In the natural world, there is a phenomenal variety of different eye designs --- high resolution, camera-type eyes consisting of a lens and a retina; lower resolution insect eyes made up of thousands of nearly identical components; and the exotic eyes of the stalk-eyed flies, or the stomatopods. This biological diversity has been mimicked in the computer vision community --- the past decade has brought the introduction of very wide angle cameras, catadioptic and omnidirectional cameras, multi-camera networks, and plenoptic cameras. Because these different camera designs sample the local visual field differently, they are suited to different tasks and environments.

Current Work

I am exploring the extremes of the space of camera designs. Below is one example, the "fiber optic camera". This camera (and nearly all new camera designs) fit within the generalized imaging model proposed recently by Grossberg and Nayar. The drawbacks of this camera design are (1) that it is time consuming (not difficult, just time consuming) to calibrate, and (2) that since it does not approximate a central projection (pinhole camera type model), new algorithms are necessary for the motion estimation process. The ego-motion constraints are defined in a paper presented at Omnivis 2002.

These ego-motion constraint define an error function. This function is minimized to determing the ego-motion parameters. This problem is of the same form for all different camera varieties. Considering the Fisher Information Matrix of this error function makes it possible to give quantitative comparisons of different camera designs in terms of their ability to estimate ego-motion. It also gives a mechanism for optimizing the design of a camera system for a particular environment --- or reverse engineering biological eye designs to determine for what environment they are adapted.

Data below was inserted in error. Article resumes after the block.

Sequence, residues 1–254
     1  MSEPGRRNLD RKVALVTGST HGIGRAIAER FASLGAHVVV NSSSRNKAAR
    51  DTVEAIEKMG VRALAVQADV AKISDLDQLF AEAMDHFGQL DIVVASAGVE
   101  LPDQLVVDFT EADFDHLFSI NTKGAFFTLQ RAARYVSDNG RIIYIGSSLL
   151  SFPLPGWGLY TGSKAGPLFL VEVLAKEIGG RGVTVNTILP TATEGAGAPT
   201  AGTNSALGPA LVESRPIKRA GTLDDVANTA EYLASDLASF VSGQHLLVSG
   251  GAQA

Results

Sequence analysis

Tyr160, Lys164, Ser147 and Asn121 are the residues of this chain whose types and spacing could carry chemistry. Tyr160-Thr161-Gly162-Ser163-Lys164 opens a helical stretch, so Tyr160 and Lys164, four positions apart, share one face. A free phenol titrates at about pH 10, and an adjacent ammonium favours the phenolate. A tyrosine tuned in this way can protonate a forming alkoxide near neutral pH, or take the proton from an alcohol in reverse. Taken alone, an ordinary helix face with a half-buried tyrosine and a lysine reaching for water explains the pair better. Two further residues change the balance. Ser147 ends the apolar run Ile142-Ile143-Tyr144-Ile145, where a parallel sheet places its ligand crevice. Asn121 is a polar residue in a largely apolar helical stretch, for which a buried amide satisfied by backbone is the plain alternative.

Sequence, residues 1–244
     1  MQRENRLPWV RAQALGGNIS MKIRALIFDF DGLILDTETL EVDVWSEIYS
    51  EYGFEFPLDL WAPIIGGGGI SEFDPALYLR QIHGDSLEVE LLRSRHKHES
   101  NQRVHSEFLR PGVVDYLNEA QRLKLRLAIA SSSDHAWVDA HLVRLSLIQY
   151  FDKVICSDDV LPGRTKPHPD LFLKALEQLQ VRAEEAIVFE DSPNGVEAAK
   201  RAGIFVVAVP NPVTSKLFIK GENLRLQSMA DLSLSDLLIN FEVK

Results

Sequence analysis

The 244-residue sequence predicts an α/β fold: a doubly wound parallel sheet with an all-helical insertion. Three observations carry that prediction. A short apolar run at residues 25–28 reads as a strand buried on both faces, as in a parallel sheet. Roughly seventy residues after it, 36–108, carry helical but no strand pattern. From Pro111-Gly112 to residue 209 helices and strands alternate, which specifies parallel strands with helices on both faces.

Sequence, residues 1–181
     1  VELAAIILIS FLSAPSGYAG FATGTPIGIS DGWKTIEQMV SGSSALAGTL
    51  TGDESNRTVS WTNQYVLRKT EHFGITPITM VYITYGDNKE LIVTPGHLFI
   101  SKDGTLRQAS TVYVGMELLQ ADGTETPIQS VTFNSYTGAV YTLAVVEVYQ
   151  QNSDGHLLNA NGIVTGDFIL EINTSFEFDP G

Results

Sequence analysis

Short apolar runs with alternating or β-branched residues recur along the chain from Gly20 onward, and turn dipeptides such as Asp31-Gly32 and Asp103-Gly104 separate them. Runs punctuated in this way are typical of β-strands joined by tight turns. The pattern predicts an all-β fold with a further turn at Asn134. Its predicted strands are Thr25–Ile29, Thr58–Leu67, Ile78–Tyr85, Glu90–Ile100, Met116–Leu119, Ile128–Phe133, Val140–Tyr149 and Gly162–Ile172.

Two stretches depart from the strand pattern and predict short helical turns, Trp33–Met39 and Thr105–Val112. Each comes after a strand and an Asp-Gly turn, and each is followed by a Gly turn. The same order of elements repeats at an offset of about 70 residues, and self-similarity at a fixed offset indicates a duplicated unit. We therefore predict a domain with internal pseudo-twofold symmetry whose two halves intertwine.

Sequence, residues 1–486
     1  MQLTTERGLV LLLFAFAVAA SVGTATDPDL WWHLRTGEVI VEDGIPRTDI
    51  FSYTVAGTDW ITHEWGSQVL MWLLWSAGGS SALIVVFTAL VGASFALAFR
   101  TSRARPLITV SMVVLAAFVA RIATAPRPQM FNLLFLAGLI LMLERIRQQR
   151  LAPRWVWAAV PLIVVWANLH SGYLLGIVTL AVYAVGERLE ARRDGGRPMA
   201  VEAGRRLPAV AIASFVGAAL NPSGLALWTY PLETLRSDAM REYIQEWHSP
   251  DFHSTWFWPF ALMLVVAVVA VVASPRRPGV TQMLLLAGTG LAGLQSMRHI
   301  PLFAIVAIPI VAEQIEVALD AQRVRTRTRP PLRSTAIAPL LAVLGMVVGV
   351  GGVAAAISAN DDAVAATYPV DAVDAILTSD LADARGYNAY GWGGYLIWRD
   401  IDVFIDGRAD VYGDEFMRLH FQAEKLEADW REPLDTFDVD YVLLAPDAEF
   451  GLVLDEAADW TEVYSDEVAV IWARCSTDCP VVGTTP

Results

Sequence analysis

This "Fiber Optic Camera" is one extreme of a highly non-standard mechanism for sampling the visual field. This camera can sample the visual field either as a uniform sampling of a hemisphere,

or, in other sampling patterns, which may be optimal if there is prior knowledge of the possible parameters of the motion, (in this case a robot that can only turn around the vertical axis and move straight forward).

Here is the picture of the bottom of the fiber optic bundle, the camera captures this image, but only need to report the intensity of each fiber optic block, because each fiber strand has (effectively) constant intensity.